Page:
The €3 million redevelopment of Dublin’s Victorian fruit and vegetable market as a continental-style food market has been approved by Dublin city councillors.
The 1892 wholesale market building between Capel Street and the Four Courts in the north inner city will be refurbished and converted into a retail and wholesale market.
The council aims to attract a range of food producers including butchers, bakers, cheesemongers, fishmongers and greengrocers, serving goods to take home as well as to eat at the market, while retaining the wholesale businesses in the western half of the market hall.
However, existing wholesale traders said their businesses would not survive plans to redevelop the building for retail. Their objections largely related to loading and parking facilities for wholesale trade and the lack of consultation over the new development.
Sinn Féin councillor
last night told the council that following a meeting with the traders, two amendments had been agreed to the plan. The amendments allow a review to ensure existing loading and unloading facilities in St Michan’s Street would be retained and possibly extended, and that design options would be explored to ensure the segregation of the market did not compromise food safety.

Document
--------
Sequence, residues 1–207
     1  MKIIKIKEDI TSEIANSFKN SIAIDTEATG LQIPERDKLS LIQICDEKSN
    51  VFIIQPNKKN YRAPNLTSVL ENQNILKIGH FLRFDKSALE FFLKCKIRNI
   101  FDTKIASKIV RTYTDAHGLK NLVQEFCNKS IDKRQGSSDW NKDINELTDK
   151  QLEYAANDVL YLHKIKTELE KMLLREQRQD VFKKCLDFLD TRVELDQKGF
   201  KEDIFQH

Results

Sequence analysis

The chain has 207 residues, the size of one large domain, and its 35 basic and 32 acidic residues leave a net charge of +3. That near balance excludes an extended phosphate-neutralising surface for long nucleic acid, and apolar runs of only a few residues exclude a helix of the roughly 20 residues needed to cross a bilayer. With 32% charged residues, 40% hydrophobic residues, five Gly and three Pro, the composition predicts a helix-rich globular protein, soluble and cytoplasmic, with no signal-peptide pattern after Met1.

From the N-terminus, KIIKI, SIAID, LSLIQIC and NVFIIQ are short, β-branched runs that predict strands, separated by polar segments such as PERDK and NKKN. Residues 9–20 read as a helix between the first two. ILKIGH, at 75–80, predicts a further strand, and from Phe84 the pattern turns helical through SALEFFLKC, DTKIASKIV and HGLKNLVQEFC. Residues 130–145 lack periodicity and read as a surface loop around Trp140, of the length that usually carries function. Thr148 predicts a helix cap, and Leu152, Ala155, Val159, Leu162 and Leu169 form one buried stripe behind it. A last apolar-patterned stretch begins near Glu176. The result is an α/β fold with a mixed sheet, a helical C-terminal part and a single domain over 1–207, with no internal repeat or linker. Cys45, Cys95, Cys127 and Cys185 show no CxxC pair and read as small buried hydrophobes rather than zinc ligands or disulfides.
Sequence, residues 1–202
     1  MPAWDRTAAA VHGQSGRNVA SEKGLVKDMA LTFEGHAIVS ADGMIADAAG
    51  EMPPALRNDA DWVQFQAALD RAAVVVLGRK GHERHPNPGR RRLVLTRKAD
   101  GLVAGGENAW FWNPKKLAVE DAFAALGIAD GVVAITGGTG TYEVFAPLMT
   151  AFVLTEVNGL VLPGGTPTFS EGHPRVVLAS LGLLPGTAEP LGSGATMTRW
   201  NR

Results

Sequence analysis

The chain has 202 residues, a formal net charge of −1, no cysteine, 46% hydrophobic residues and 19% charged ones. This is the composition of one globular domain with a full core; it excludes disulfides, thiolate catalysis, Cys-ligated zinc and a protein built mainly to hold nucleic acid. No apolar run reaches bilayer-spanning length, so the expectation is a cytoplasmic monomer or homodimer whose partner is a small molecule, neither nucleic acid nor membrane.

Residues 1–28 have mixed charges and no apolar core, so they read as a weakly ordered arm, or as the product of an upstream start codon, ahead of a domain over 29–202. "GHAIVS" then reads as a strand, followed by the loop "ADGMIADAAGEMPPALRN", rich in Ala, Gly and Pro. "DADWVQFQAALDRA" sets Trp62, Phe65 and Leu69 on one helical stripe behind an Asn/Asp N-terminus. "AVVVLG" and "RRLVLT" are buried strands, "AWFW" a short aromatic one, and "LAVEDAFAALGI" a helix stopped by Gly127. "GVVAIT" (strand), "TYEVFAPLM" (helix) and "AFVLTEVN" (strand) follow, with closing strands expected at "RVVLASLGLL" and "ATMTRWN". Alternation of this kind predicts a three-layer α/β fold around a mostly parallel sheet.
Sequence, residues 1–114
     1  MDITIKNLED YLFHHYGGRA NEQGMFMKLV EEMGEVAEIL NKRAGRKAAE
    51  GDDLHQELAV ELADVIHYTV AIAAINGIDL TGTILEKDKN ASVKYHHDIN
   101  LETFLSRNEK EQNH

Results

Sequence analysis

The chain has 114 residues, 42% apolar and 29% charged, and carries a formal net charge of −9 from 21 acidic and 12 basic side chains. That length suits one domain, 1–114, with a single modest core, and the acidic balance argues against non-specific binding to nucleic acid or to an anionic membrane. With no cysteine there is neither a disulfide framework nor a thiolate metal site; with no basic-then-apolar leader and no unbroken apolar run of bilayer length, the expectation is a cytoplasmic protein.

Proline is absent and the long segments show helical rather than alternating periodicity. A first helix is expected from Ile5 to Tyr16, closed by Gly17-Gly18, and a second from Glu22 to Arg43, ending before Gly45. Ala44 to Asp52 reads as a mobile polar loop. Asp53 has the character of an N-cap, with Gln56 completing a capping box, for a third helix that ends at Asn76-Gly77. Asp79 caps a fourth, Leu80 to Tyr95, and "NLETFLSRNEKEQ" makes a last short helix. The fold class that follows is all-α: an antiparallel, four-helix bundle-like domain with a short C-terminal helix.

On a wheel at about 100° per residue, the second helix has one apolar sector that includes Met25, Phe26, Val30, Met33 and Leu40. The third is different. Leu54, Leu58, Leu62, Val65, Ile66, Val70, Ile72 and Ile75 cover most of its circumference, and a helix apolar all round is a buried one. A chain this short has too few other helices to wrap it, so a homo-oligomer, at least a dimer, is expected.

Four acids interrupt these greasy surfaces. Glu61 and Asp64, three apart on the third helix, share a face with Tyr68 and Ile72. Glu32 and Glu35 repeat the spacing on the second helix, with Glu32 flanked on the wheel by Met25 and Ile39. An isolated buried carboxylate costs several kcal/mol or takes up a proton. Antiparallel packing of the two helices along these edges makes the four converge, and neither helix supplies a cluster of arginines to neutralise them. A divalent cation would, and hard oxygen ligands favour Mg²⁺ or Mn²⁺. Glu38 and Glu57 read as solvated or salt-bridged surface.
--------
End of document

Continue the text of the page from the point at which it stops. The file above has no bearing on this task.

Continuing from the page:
The construction work needed to split the market will not get under way until next year, assistant council chief executive Jim Keogan said. This is more than a year behind schedule.
The council drew up plans for the new market in February last year and had hoped to have 80 pitches, a combination of indoor and outdoor permanent and temporary stalls, available to retailers and traders from this September.
The project ran into difficulties following last year’s local elections, with new councillors insisting that sports and leisure facilities be included in the redevelopment plans.
Under the revised plan, a “multi-use games area” will be incorporated into the neighbouring former fishmarket site, at a cost of €150,000. The fishmarket was demolished 10 years ago, and the remaining space on that site will be used for parking.
Once completed, the retail half of the market will have 40 permanent stalls known as “cages”, commonly seen at continental markets, which have a display and service counter but allow the individual retailers to shut their shop when other parts of the hall are still operating.
There will be a similar number of “umbrella” stalls, which allow for more short-term or flexible uses and these would be located within the hall and in an outdoor, semi-covered courtyard at the Chancery Street entrance to the market. This entrance will be substantially remodelled with two glass canopies and a glass wall and will provide a new entrance to the market.